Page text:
An oral Viva Voce examination of half an hour during which you will be required to comment on a wide range of aspects of your repertoire, technique and musical style that you will have prepared for through self-study. Candidates will be questioned on the background and context of the pieces included in the MMus recital. Candidates should know how their repertoire fits within the composers' oeuvres, their instrument's repertoire and with what other composers were doing at the same time. Candidates should be able to demonstrate a familiarity with artistic movements in relevant composition styles. Candidates should be knowledgeable about the performance history of the repertoire presented. An ability to give a basic structural analysis of each work and to answer some questions on specific technical or musical issues that may have arisen during the recital or their preparation of it is also expected. Questions aimed at investigating the candidate's general musical understanding may be included.

With the exception of the Viva Voce, these weighting, components and performances may vary for singers as may the number of public performances and other involvement.

EACH COMPONENT MUST BE PASSED WITH A MINIMUM OF 50% FOR A PASS TO BE CONFERRED AT MASTERS LEVEL. A fail in any one component constitutes a fail of the whole Masters qualification.


Students are required to write their own set of programme notes covering the recital pieces. These need to be computer set and clearly laid out correctly. In preparation for the final recital, a copy of the programme notes along with a copy of each score used must be handed to the Music Administrator at least two weeks before the recital date. (Notes must be in the candidate’s own words. All notes will be checked for plagiarism.)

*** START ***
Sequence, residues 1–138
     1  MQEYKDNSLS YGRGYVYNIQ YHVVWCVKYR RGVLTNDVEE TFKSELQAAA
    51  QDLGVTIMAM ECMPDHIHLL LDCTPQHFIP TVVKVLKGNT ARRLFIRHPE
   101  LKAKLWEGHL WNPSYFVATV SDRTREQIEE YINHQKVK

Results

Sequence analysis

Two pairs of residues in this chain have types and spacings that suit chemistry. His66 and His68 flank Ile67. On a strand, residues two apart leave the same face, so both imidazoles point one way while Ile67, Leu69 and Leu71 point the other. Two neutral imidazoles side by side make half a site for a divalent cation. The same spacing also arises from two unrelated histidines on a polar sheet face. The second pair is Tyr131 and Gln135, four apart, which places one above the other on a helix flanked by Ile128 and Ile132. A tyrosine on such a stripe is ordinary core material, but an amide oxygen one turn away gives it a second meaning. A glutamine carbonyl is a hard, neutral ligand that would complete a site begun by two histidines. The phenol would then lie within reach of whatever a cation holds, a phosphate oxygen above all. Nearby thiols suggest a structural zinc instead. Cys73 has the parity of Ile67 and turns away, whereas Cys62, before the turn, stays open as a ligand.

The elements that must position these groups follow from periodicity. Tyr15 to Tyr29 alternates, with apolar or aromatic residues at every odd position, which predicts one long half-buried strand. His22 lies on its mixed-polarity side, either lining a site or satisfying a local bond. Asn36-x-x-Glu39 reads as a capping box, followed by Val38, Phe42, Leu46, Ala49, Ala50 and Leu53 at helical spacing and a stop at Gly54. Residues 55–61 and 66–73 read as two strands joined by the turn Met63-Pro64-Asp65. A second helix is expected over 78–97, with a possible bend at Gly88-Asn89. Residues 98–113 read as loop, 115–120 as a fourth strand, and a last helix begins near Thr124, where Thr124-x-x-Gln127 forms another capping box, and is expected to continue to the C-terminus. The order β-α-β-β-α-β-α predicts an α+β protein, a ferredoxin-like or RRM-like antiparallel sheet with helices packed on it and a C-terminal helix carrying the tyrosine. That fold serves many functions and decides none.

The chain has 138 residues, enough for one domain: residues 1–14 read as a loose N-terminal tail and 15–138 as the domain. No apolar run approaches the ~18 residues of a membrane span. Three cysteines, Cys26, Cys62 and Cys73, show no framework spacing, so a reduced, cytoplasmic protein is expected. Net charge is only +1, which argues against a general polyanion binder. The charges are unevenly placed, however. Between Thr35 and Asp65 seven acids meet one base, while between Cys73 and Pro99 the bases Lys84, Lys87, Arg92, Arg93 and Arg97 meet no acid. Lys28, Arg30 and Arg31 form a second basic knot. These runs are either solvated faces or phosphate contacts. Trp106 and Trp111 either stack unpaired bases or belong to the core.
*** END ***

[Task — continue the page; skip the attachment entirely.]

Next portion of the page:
Programme notes should be public recital standard both in content and language style. Poorly written programme notes will detract from the recital grade up to total of 10%.

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Assessment Components

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The internal assessment/exam ratio (as stated in the University Calendar) is 100:0. There is no final exam. The final exam makes up 0% of the overall mark.

The internal assessment/exam ratio (as stated in the University Calendar) is 100:0 or 0:0, whichever is more favourable for the student. The final exam makes up either 0% or 0% of the overall mark.

Component DescriptionDue Date TimePercentage of overall markSubmission MethodCompulsory
1. Recital Presentation
2. Chamber Music
3. Viva Voce
Assessment Total:     100    
Failing to complete a compulsory assessment component of a paper will result in an IC grade
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Required and Recommended Readings

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Required Readings

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Extensive reading is required for this course as preparation for the Viva Voce exam. Students themselves should identify and source appropriate materials for gaining detailed knowledge of their repertoire, as well as revising their general music history knowledge.
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Online Support

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The University of Waikato library has extensive access to online musicological resources which should be utilised for Viva Voce study.
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Students should allocate around 6 hours per day for performance-related work. Vocal students are expected to undertake vocal work for 2 - 3 hours per day, and the remainder of your practice will be 'dry practice', language preparation, text analysis, stagecraft development. Viva Voce study requires a further 5-6 further dedicated hours each week.
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Linkages to Other Papers

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Restricted papers: MUSI524